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Black lung back in the spotlight after three decades

Coal workers’ pneumoconiosis (CWP) – otherwise known as black lung – has re-emerged as a threat in Australia more than 30 years after experts believed the disease had been eradicated.

Since late 2015, CWP cases have filtered through the media as a growing number of coal miners were diagnosed with the illness, which develops due to the inhalation and accumulation of coal dust in the lungs.

Until 2017, most instances of the disease were reported in Queensland, with the state’s government launching an inquiry into black lung that produced an interim report in March.

However, the first confirmed new case of CWP since the 1970s in NSW was announced in February this year. According to the Newcastle Herald, the patient is a retired coal worker who has mixed-dust CWP, meaning he also has silicosis.

“Even though this insidious disease has not been confirmed in NSW for decades, one case of pneumoconiosis is one case too many,” Resources Regulator Compliance Officer Lee Shearer stated.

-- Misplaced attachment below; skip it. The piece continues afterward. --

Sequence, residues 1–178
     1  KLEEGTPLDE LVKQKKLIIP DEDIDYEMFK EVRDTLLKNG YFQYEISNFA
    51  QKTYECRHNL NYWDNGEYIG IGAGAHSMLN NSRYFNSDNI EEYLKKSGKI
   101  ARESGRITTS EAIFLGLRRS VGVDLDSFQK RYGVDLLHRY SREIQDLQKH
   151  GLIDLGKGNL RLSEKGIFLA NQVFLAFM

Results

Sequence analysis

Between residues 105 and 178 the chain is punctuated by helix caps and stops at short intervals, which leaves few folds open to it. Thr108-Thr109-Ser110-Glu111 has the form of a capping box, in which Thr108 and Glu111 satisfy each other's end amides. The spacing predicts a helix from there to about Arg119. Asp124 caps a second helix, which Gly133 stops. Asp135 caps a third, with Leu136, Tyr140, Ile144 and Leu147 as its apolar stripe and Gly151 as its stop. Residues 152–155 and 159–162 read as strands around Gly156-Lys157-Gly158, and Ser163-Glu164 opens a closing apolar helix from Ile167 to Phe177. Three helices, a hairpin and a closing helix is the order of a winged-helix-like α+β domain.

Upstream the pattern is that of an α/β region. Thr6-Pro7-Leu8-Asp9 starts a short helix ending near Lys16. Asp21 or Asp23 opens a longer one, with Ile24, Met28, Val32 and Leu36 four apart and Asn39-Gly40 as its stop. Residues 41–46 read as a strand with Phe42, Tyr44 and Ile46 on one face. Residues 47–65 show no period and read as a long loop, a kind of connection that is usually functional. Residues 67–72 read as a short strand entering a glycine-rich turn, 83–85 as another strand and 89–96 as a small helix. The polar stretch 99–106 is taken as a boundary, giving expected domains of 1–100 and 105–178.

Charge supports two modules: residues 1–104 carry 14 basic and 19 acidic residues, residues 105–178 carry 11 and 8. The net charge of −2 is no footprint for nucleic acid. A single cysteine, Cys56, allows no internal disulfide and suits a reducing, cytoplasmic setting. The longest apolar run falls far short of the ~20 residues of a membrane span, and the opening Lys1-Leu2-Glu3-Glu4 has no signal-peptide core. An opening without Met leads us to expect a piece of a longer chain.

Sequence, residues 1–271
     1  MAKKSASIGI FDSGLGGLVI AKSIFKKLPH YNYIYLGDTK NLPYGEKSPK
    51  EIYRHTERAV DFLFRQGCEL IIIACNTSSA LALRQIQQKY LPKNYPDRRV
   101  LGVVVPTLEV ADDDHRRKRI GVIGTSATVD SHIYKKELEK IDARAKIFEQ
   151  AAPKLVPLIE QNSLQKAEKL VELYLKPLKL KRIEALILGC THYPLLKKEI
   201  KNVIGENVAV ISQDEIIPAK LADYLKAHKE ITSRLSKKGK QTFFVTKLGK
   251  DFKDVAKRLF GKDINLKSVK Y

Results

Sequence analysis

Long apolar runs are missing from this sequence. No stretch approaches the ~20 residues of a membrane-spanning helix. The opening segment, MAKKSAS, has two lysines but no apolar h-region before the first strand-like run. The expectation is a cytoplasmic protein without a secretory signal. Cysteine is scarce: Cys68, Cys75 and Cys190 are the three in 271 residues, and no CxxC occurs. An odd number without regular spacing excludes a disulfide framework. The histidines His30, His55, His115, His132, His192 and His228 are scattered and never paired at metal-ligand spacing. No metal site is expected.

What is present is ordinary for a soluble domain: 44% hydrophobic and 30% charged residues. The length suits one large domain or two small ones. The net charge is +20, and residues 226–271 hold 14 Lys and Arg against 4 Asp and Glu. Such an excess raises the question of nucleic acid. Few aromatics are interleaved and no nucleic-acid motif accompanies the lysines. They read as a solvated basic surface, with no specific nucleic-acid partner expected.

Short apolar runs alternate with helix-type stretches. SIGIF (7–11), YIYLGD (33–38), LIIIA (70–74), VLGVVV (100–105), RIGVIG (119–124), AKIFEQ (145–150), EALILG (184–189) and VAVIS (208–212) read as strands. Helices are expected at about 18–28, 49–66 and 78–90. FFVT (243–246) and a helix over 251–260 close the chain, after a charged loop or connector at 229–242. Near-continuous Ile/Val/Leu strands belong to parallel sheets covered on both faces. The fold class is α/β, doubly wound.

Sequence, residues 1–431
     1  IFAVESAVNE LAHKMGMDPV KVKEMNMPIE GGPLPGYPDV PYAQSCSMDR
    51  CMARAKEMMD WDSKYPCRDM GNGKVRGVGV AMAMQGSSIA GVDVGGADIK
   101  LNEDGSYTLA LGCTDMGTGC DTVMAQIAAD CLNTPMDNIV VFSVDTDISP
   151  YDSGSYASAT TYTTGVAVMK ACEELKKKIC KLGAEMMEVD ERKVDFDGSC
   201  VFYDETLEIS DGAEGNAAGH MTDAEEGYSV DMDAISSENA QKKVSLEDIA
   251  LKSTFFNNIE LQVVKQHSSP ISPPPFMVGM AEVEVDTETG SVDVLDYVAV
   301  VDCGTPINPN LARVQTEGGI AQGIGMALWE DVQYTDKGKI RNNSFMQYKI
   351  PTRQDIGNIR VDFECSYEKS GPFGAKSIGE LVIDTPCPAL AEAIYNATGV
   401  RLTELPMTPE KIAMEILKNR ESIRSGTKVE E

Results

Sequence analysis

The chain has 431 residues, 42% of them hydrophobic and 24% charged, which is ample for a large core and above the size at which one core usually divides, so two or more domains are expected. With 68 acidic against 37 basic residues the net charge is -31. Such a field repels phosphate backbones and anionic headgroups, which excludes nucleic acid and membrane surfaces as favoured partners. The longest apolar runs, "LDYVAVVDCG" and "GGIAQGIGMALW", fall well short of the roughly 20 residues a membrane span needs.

“We are investigating how this case has happened, and if there have been any breaches of the work health and safety laws.”

Black lung compensation claims

If more black lung diagnoses occur in the state, the number of dust disease compensation claims could be set to rise.

Workers’ compensation figures that ABC News obtained last year showed four people pursued damages for black lung in Queensland between 2007 and 2012, one of which has already been approved.

Last year, a review of 248 miners’ x-rays revealed that 18 individuals had CWP; a figure the Construction, Forestry, Mining and Energy Union (CFMEU) said was “more than we were expecting”.

CFMEU Mining and Energy Division Queensland District President Stephen Smyth claimed this was a 7.3 per cent incidence rate among miners, which is second only to China worldwide and ahead of both the US and the UK.

“Every one of the workers with black lung disease is a victim of a system that has let them down,” he stated.

“Mining companies have purposefully misrepresented dust levels, previous governments have allowed companies to monitor their own dust levels, and local radiologists have completely missed a public health crisis because they weren’t qualified to do the job they were supposed to be doing.”

Queensland’s March interim report into black lung was equally damning, with the committee claiming there was a “massive systemic failure” in processes aimed at protecting coal miners.

Have you or a loved one been affected by dust diseases in NSW? Please contact an experienced compensation lawyer to see whether you’re eligible to make a claim.

© 2017 
Gerard Malouf & Partners
 — Personal Injury Compensation Lawyers

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